Bottom Line: This game will stay in my collection and see the light of day once in a great while, but playing it is like watching a dance group where one of the performers is very obviously off: the experience is fun but you just can’t shake that one klutzy dancer out of your head. That being said, the fun factor outweighs the flaws which is why I gave it a d10-6 instead of a d10-5
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Lance McMillan
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Wish it wasn't so hard to find a copy of this one. Even with its flaws (and you did a great job of enumerating those in your review) it's still a solid design on an obscure topic.
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Colin Parkin
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Thanks for the interesting review. One of my regular gaming partners and I have played this many times and I agree, this can be a really fun game. Certainly not a classic, but worthy of replay and good value for a magazine game.
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Bill Lawson
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I like the game. Getting the Republican Guard for Iraq is a must though. Without it they will lose.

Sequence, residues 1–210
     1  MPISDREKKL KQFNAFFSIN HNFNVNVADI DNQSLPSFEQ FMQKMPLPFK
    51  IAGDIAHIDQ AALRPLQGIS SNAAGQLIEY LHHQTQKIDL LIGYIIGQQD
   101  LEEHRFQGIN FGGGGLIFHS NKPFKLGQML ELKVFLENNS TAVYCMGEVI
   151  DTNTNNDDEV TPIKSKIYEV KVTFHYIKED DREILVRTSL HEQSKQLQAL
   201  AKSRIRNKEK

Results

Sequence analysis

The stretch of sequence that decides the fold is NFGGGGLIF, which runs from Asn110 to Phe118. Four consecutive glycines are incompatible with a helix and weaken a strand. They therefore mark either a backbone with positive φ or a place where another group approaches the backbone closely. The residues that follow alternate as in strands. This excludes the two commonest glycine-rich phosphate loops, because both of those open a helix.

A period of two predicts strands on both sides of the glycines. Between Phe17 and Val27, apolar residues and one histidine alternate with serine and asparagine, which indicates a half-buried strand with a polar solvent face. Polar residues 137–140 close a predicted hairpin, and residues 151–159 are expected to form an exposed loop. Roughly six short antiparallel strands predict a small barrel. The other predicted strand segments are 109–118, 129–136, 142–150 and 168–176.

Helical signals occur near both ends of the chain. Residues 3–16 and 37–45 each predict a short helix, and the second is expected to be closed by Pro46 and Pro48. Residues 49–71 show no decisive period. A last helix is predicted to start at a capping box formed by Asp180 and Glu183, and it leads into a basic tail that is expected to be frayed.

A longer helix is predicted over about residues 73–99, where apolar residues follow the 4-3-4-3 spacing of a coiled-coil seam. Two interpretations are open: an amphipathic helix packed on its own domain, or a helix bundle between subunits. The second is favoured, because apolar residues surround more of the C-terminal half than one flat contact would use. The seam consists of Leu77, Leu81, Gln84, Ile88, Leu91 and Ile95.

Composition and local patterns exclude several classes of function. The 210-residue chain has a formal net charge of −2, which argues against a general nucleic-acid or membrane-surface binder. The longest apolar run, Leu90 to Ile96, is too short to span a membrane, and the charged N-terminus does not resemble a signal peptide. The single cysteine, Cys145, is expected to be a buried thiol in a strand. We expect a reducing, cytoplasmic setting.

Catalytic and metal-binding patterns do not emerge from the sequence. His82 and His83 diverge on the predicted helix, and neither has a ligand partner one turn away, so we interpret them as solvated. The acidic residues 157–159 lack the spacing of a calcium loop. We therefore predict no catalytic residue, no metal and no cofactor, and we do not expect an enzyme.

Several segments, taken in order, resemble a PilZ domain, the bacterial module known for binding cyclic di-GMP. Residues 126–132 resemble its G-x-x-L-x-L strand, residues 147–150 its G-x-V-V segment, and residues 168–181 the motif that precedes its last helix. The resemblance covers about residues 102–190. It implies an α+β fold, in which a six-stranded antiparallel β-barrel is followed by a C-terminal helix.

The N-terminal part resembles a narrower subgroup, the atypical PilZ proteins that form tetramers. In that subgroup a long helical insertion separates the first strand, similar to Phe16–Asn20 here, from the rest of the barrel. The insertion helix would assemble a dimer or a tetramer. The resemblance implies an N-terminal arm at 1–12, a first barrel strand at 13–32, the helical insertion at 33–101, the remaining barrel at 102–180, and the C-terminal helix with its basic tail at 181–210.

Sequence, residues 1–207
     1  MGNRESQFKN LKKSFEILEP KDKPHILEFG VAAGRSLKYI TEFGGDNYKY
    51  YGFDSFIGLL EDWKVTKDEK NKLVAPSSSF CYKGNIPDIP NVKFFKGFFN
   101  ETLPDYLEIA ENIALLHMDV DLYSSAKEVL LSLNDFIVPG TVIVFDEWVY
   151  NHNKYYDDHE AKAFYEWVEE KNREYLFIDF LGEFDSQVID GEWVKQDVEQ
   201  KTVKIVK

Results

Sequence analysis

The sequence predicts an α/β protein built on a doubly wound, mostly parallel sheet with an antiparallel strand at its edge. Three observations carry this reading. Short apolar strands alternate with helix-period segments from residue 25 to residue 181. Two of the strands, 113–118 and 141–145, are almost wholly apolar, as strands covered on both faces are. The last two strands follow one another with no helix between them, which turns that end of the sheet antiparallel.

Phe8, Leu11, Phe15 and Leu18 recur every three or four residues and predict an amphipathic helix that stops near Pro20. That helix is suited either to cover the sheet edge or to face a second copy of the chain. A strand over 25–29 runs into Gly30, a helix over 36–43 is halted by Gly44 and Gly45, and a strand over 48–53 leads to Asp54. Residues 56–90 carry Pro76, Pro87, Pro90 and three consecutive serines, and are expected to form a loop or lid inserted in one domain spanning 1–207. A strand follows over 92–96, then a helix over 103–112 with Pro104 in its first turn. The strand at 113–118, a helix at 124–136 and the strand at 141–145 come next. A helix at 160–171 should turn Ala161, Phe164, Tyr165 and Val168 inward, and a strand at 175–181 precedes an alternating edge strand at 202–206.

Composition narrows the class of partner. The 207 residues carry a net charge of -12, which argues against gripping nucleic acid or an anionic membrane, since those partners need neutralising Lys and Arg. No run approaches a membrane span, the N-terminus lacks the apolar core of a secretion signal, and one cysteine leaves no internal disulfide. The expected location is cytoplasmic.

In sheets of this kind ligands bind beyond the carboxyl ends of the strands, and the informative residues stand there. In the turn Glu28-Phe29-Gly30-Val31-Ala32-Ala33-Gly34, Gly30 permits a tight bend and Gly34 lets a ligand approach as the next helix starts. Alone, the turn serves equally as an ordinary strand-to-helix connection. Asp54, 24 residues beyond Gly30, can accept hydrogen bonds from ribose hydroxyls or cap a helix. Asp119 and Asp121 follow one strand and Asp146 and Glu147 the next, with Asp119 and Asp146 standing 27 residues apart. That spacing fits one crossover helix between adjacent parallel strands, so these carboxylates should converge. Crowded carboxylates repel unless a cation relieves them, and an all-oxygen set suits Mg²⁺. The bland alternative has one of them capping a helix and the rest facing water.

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Lance McMillan
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billyboy wrote:
Getting the Republican Guard for Iraq is a must...


Yeah, and it's not a particularly easy event to roll either. I think that's a bit of a flaw in the design, and it should probably have been handled as a scheduled or "trigger" event, rather than strictly randomly.
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Bill Lawson
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Lancer4321 wrote:
billyboy wrote:
Getting the Republican Guard for Iraq is a must...


Yeah, and it's not a particularly easy event to roll either. I think that's a bit of a flaw in the design, and it should probably have been handled as a scheduled or "trigger" event, rather than strictly randomly.


Agree